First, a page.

“Burton and O’Reilly have an important book to write, but this was not it.”
Who Shot Sports is an engrossing photo exhibition between covers that more than proves the truism that a picture is, indeed, worth a thousand words.
Renowned sportswriter David Goldblatt’s encyclopedic history of the Olympic Games is a timely and impressively expansive view of arguably the world’s most beloved sporting event, as he chronicles t
Jeff Passan, a baseball columnist at Yahoo! Sports, set out to write a baseball book that he hoped “could help a lot of people.” He categorically succeeded.
Neil Leifer discovered "a camera could be my ticket to everywhere. A kind of magic carpet . . . to anyplace I wanted to go." That camera took him to fascinating places.
Writing about sports, in particular about the historical pathways of baseball, is a favorite pastime of academics.
It used to be the best pro athlete made about as much as an early career MBA. Today, the top professional athlete might make 100 times what a top B-school MBA might earn.
America’s favorite sport is football. Although some can remember when baseball was the national pastime, America’s sports consciousness has migrated to the gridiron.
Hans Christian Andersen wrote a fable about weavers who promised their emperor a new suit of clothes.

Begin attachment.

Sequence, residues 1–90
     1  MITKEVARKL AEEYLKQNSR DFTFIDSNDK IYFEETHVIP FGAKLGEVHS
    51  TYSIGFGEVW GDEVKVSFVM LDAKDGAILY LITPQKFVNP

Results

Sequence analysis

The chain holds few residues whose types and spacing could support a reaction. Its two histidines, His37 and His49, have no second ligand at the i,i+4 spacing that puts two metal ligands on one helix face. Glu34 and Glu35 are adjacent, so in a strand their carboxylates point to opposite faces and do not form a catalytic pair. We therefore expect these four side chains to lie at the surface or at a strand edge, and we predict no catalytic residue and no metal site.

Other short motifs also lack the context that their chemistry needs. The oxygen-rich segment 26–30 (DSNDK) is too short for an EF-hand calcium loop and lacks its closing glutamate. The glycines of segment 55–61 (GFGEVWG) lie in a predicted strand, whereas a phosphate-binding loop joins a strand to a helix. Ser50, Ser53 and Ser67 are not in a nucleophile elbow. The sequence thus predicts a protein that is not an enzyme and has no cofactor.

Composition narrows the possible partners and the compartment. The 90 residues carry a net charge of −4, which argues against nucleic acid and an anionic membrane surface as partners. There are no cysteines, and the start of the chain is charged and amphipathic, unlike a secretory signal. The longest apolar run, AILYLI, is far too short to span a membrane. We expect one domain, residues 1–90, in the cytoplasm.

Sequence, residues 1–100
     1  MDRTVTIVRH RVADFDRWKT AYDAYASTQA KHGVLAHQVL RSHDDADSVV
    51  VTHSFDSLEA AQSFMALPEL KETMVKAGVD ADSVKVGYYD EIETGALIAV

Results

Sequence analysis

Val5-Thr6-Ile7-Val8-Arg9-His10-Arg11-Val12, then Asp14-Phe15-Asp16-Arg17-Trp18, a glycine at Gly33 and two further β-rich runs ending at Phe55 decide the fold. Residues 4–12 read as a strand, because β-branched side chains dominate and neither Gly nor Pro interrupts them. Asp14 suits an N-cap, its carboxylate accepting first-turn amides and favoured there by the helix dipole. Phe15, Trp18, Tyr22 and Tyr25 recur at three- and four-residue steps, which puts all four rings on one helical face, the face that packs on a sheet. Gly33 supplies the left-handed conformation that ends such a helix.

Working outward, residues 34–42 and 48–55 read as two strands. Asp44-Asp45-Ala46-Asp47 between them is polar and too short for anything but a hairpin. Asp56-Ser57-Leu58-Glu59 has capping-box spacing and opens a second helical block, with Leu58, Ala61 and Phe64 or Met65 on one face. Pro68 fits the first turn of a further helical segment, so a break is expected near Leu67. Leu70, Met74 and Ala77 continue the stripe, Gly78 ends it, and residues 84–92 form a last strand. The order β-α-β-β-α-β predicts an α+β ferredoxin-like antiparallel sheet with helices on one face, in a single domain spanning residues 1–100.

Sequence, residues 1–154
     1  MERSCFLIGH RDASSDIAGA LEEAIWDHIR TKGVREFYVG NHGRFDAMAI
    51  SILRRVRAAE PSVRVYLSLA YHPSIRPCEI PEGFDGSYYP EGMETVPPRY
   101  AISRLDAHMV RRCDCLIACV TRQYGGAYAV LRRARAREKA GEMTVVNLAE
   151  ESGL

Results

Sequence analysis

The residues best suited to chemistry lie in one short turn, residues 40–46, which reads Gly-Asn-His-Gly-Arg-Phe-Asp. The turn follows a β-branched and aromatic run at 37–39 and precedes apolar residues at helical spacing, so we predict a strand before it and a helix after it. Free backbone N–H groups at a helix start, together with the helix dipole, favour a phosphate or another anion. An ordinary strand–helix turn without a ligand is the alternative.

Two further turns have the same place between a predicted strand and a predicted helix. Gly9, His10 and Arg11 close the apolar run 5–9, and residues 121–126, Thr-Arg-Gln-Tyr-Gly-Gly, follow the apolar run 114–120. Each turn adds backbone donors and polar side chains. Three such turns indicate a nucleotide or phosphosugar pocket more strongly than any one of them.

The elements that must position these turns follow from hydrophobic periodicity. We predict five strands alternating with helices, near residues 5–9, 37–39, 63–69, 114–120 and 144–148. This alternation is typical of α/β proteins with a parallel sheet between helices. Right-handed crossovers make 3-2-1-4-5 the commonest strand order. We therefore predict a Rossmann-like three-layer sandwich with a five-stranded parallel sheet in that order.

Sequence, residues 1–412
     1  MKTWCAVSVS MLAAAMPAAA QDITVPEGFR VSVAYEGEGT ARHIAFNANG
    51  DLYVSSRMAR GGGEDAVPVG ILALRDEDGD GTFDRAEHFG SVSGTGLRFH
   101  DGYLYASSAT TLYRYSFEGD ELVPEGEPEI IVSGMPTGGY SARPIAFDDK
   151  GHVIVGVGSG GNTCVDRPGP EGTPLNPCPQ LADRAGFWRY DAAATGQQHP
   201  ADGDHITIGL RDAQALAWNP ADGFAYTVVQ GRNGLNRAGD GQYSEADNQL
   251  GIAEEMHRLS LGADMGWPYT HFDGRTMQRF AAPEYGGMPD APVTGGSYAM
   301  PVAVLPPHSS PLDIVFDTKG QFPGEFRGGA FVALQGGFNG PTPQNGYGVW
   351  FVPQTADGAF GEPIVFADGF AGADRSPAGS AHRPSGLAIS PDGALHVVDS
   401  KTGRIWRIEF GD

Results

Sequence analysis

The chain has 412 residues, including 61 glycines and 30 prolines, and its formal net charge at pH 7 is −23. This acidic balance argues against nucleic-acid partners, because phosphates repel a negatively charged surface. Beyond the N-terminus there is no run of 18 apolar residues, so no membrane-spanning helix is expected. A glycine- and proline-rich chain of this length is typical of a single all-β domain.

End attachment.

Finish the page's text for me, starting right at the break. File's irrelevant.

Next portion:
In Alone on the Wall, author and free solo climbing phenomenon Alex Honnold with veteran climber and mountaineering author David Roberts, make a game attempt at doing the impossible: captu
“as entertaining an adventure story as most great novels.”
“the definitive work to date.”
In 1967, Ralph Cindrich left Avella, a coal-mining town in Western Pennsylvania, traveling northeast on state route 50 to Pittsburgh to play linebacker for the Pitt Panthers.
Evaluating talent in any line of work is a difficult challenge.
Veteran sportswriter Lonnie Wheeler’s latest baseball book, Intangiball: The Subtle Things That Win Baseball Games, is somewhat akin to trying to prove the existence of Big Foot.
In 1969 eight talented African American athletes risked their athletic scholarships and likely their NFL careers by demanding an end to institutional racism at Syracuse University.
“There is certainly an audience for such work in the sports field.”
". . . riveting and insightful . . ."
Barry Svrluga is clearly a good guy.
No other professional sport relentlessly pounds away at all its participants like the 162-games of a major league baseball season, and author Barry Svrluga’s book, The Grind: Inside Baseball’s
Baseball fans with an appreciation for those rare instances when the game produces an intersecting of the baseball careers of two teammates who become baseball immortals, will enjoy author Andrew O
“through it all, Major League Baseball not only survives, it flourishes. There is no game like it.”
The Bicycling Big Book of Training is truly a complete book of cycling training for the both the bicycling novice and fairly experienced bicycling enthusiast.